Katherine Keenum


A blog about the paintings, photographs, and prints that help me visualize my fiction—both Where the Light Falls and works-in-progress. My main current project is a novel tentatively entitled ANONYMITY. Its heroine works in publishing, belongs to a clandestine suffragist group, and has a married lover. Read on!

Click on images to see enlargements. In the text, click on words in color to activate links.

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Fiction
An American woman art student meets a Civil War veteran in Belle Époque Paris.

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Miss La La again

December 4, 2016

Tags: Degas, entertainment

When I sent my characters to the Cirque Fernando in Where the Light Falls to see Mlle. La La perform, I had no idea that the real woman painted by Edgar Degas was a mixed-race performer. (more…)

Crime and dance

May 19, 2014

Tags: entertainment, work-in-progress

Sometimes interests converge. A recent post on The Gangs of Paris at the Victorian Paris blog sent me investigating the story-telling, tough-guy, tough-gal Danse Apache or Apache Dance (pronounced ah-PAHSH in both French and English), which originated in France and quickly moved to the American stage in 1908. (more…)

Salome

February 27, 2014

Tags: Henri, entertainment, work-in-progress

Robert Henri, Salome (1909)
As a follow-up to my last post, here’s a quick look ahead at naughty behavior in New York City in 1908, the setting for my current work-in-progress. I came across Robert Henri’s portrait of the dancer Mademoiselle Voclezca in a 1995 exhibition catalogue, Metropolitan Lives: The Ashcan Artists and Their New York. More astonishing to me than the painting were several paragraphs about a craze for “Salome dancers.” (more…)

Puppets in the Park

December 23, 2013

Tags: Angelica, Christmas, Effie, entertainment

It’s December 23rd, the day Cousin Effie takes Angelica to a marionette show in the park, so I’m going to leave Jeanette and Edward in the summertime Luxembourg Garden and detour into Christmas. Well, I admit it's also summer in Ellen Houghton's picture of a puppet show in the leafy Tuileries Garden, (more…)

Croizette and Bernhardt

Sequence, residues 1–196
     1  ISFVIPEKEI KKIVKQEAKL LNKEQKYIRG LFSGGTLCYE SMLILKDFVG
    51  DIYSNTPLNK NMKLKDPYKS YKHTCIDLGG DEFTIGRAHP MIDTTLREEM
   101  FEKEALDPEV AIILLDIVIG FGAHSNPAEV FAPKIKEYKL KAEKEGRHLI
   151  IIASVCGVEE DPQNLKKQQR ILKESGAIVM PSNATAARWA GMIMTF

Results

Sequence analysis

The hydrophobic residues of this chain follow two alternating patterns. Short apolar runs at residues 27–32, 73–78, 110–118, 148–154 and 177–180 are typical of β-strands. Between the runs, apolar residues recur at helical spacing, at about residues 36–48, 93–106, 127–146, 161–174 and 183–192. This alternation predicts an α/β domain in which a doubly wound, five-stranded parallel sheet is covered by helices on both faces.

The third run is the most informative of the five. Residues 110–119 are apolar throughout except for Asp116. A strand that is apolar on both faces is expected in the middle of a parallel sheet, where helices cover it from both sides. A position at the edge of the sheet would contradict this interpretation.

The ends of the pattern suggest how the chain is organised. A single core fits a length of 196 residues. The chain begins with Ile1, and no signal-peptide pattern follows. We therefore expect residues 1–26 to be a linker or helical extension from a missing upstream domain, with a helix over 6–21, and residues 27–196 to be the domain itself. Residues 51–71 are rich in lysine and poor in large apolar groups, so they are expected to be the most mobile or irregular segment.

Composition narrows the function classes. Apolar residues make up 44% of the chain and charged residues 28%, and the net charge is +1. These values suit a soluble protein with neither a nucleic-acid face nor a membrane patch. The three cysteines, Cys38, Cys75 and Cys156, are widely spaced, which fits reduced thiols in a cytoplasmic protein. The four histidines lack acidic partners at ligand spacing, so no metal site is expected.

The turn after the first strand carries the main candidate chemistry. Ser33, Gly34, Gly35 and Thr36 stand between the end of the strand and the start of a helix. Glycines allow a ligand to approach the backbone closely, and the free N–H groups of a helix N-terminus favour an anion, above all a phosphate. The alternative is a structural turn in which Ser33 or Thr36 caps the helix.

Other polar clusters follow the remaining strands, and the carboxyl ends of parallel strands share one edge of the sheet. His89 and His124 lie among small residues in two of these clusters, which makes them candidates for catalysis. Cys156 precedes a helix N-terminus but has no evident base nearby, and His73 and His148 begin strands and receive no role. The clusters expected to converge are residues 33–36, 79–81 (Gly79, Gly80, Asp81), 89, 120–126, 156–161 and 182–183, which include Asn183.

October 31, 2013

Tags: Bernhardt, Croizette, entertainment, garden party

One of the better readers of my manuscript objected to having the two actresses appear at the garden party (too hokey), but I thought a little razzle-dazzle was called for. Besides, don’t we all get a kick out of a celebrity cameo appearance?

When I began my research, Sophie Croizette was discovery for me. (more…)

Showboat

April 18, 2013

Tags: Cornelia, Edward, entertainment, transportation

When Edward tells Cornelia Renick about taking Jeanette and Effie to the Cirque Fernando, they are reminded of a childhood escapade when they watched horses perform aboard a showboat on the Ohio River. In a slightly longer draft of this passage, I specified that they kept watch over the building of Spaulding and Rogers' spectacular Floating Circus Palace, which seated 3,400 and was launched in Cincinnati in 1851 when they would have been about ten or eleven years old. As far as I'm concerned, the escapade happened. (more…)

Cirque Fernando

April 15, 2013

Tags: Degas, Edward, Effie, Jeanette, entertainment, painting in the novel, Paris landmark

After their successful outing to the World's Fair, Edward takes Jeanette and Effie to the Cirque Fernando (later the Cirque Medrano), which featured horseback riders, clowns, and acrobats in a wooden hippodrome on Montmartre, built like a giant circus tent. Degas' painting of Mlle La La, hanging from a trapeze by her teeth, led me to have her perform that night. Later in the novel, my characters see the painting itself at the 4th Impressionist show. For Toulouse-Lautrec's depiction of the ringmaster and a rider, click here.

For a spring 2013 exhibition at the Pierpont Morgan Library centered on this picture, click here.

World's Fair (I): Glass

April 1, 2013

Tags: Effie, Franco-Prussian War, Paris landmark, World's Fair, entertainment, glass

The World's Fair of 1878, or Exposition Universelle, was held to celebrate France's prosperous return to the world stage seven years after the Franco-Prussian War. It was big, it was grand, it was modern. The glass-and-steel domes of the Main Exhibition Hall may look old-fashioned to our eyes, but it is still impressive for its airy joie de vivre. If you click on the image to the left, a link will take you to a French site with photos chronicling its construction. And, no, this isn't an April Fool's Day joke!

Beggar's Polka

March 21, 2013

Tags: Franco-Prussian War, Grandcourt, Jeanette, entertainment, caricature

Hippolyte Grandcourt is a wholly imaginary character whose presence enabled me to incorporate anecdotes about Paris beyond the action of the novel. Don't rely on him to tell the exact truth; don't even rely on him for anecdotes that exactly replicate my sources. He was not, for instance, present when Offenbach handed the mendicant his Beggar's Polka.

The music of Jacques Offenbach is specially associated with the Second Empire of Napoleon III—he's the composer of the Galop Infernal (1858) that we all know as the music to the can-can. (more…)